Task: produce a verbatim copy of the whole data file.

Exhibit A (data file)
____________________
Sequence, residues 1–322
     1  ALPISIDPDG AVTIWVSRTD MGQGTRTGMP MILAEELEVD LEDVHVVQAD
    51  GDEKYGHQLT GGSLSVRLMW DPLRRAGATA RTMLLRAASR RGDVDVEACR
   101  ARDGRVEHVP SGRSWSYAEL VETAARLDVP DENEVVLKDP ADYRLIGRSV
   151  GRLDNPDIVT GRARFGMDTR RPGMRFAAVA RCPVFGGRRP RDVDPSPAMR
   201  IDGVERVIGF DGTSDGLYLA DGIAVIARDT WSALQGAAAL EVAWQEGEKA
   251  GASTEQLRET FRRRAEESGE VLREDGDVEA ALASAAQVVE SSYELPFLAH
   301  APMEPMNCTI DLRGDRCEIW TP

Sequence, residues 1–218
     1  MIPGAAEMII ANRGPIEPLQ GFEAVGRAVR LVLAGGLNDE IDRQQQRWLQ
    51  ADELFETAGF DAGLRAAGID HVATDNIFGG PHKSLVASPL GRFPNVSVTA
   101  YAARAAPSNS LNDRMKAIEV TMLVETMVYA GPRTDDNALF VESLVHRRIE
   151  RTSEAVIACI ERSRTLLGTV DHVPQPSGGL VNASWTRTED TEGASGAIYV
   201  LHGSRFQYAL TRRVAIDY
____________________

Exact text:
Sequence, residues 1–322
     1  ALPISIDPDG AVTIWVSRTD MGQGTRTGMP MILAEELEVD LEDVHVVQAD
    51  GDEKYGHQLT GGSLSVRLMW DPLRRAGATA RTMLLRAASR RGDVDVEACR
   101  ARDGRVEHVP SGRSWSYAEL VETAARLDVP DENEVVLKDP ADYRLIGRSV
   151  GRLDNPDIVT GRARFGMDTR RPGMRFAAVA RCPVFGGRRP RDVDPSPAMR
   201  IDGVERVIGF DGTSDGLYLA DGIAVIARDT WSALQGAAAL EVAWQEGEKA
   251  GASTEQLRET FRRRAEESGE VLREDGDVEA ALASAAQVVE SSYELPFLAH
   301  APMEPMNCTI DLRGDRCEIW TP

Sequence, residues 1–218
     1  MIPGAAEMII ANRGPIEPLQ GFEAVGRAVR LVLAGGLNDE IDRQQQRWLQ
    51  ADELFETAGF DAGLRAAGID HVATDNIFGG PHKSLVASPL GRFPNVSVTA
   101  YAARAAPSNS LNDRMKAIEV TMLVETMVYA GPRTDDNALF VESLVHRRIE
   151  RTSEAVIACI ERSRTLLGTV DHVPQPSGGL VNASWTRTED TEGASGAIYV
   201  LHGSRFQYAL TRRVAIDY